The Art and Craft of the Raft-Up
Raft-ups are a great way to get together, relax while the kids play in and on the water and enjoy shared food and beverages. Though fun to raft-up, it should be done the right way to avoid damaging boats and injuring participants.
Have a Plan. Know who is going to be joining the raft-up and how big and more importantly, how heavy their boats are. The heaviest boat should set the anchor and be the host boat. They should also be the one with the most effective anchor. The remaining boats should arrive in the order of the next heaviest down to the least heavy.
Scout the Site. The location for the raft-up should be well known or well scouted before the raft-up is scheduled to arrive. Sound the location for depth and plan to anchor in an area that will allow the raft-up to swing 360 degrees. Know the draft of all the boats in the raft-up and allow for three to four feet additional margin.
Set the Anchor. The host boat (the heaviest) should position the anchor at the center of the raft-up location, allowing for swing. Scope (length of rode in relation to the depth of the water) is important as well. Allow for a minimum of 7:1 ratio for the scope, i.e. in 8 feet of water the length of the rode should be 56 feet (7x8). Lightly backing down on the rode will help set the anchor.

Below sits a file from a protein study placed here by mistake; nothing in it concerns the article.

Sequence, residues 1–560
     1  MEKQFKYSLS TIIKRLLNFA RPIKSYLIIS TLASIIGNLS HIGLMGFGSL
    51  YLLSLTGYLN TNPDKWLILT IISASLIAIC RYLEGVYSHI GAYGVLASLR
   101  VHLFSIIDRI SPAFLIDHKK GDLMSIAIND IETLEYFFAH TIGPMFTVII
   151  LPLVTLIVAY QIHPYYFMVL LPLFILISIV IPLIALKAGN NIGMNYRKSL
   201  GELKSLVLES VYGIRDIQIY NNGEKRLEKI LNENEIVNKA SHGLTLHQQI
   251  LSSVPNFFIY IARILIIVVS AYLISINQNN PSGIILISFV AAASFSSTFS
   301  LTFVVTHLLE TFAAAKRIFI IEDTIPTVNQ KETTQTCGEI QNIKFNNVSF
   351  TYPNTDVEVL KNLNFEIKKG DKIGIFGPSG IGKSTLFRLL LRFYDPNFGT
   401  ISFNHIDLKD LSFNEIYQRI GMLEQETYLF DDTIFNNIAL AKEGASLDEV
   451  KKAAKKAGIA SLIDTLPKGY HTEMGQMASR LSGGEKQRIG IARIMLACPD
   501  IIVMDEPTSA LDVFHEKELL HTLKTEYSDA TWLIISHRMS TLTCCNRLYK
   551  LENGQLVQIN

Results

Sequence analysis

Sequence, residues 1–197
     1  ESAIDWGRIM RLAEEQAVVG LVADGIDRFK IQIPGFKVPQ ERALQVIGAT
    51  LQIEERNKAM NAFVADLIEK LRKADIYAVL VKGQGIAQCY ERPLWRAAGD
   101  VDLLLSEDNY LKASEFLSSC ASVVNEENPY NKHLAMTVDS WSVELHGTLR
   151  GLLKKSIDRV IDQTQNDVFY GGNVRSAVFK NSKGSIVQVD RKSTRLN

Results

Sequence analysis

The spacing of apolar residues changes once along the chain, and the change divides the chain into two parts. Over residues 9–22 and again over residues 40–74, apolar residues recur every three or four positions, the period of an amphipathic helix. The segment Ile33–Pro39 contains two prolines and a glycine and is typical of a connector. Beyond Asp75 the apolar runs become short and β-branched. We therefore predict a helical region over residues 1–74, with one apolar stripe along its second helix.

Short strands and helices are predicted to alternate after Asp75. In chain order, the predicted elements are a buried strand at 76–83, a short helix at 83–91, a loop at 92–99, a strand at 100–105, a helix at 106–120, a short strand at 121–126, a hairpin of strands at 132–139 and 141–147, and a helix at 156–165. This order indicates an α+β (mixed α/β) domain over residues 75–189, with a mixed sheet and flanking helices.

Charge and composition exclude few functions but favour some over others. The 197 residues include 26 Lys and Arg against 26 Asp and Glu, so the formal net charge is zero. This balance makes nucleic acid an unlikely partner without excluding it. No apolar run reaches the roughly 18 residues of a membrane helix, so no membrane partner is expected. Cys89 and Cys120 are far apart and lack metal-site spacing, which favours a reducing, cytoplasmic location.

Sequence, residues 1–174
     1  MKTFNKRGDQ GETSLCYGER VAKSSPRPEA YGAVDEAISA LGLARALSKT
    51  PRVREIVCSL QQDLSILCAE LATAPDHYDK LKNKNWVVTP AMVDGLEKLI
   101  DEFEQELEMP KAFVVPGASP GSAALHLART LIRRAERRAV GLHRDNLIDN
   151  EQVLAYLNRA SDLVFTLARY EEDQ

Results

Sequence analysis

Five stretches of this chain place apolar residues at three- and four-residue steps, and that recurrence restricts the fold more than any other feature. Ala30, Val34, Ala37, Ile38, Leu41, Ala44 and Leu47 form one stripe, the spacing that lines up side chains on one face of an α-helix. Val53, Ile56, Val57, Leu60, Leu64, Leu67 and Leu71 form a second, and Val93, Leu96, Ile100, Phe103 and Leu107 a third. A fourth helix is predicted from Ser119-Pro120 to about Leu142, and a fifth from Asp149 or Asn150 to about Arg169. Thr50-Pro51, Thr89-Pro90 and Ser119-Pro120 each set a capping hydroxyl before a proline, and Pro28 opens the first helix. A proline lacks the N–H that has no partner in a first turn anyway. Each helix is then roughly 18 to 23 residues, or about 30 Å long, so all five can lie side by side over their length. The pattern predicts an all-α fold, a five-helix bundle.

Ready Each Boat. As the boats arrive at the site they should have their fenders and lines in place. The lines should be rated for the biggest boat in the group. Use plenty of fenders to protect the freeboard. It is best if boats of similar freeboard are tied next to each other.
Easy Does It. With the host boat in position, ease the next boat alongside it, and heave the bow and stern lines to the host boat’s crew to bring the boat into position. If an operator cannot ease in, they can approach bow first tossing the bow line to the host boat and allow the boat to settle alongside. With more than two boats in a raftup, the third boat would approach the lead boat from the opposite side, leaving the lead boat in the center. As more boats approach they should take positions on every other side. Again, leaving the lead boat in the center.
Align the Boats. When possible, align each boat's stern to the host boat’s stern so people can move from boat to boat via the swim platforms. This is safer and easier than climbing from boat to boat over gunwales and handrails. Use spring lines to adjust the boat's positions in relation to the host boat’s stern.
Breaking Up. Breaking up the raft-up is the opposite of forming the raft-up. The last boat in will be the first boat off and the rest of the boats, one at a time, release and ease off the raft-up. It is best to back down from the raft-up to avoid crossing the host boat’s rode.
Contact your local MarineMax for information and to RSVP for their next raft-up.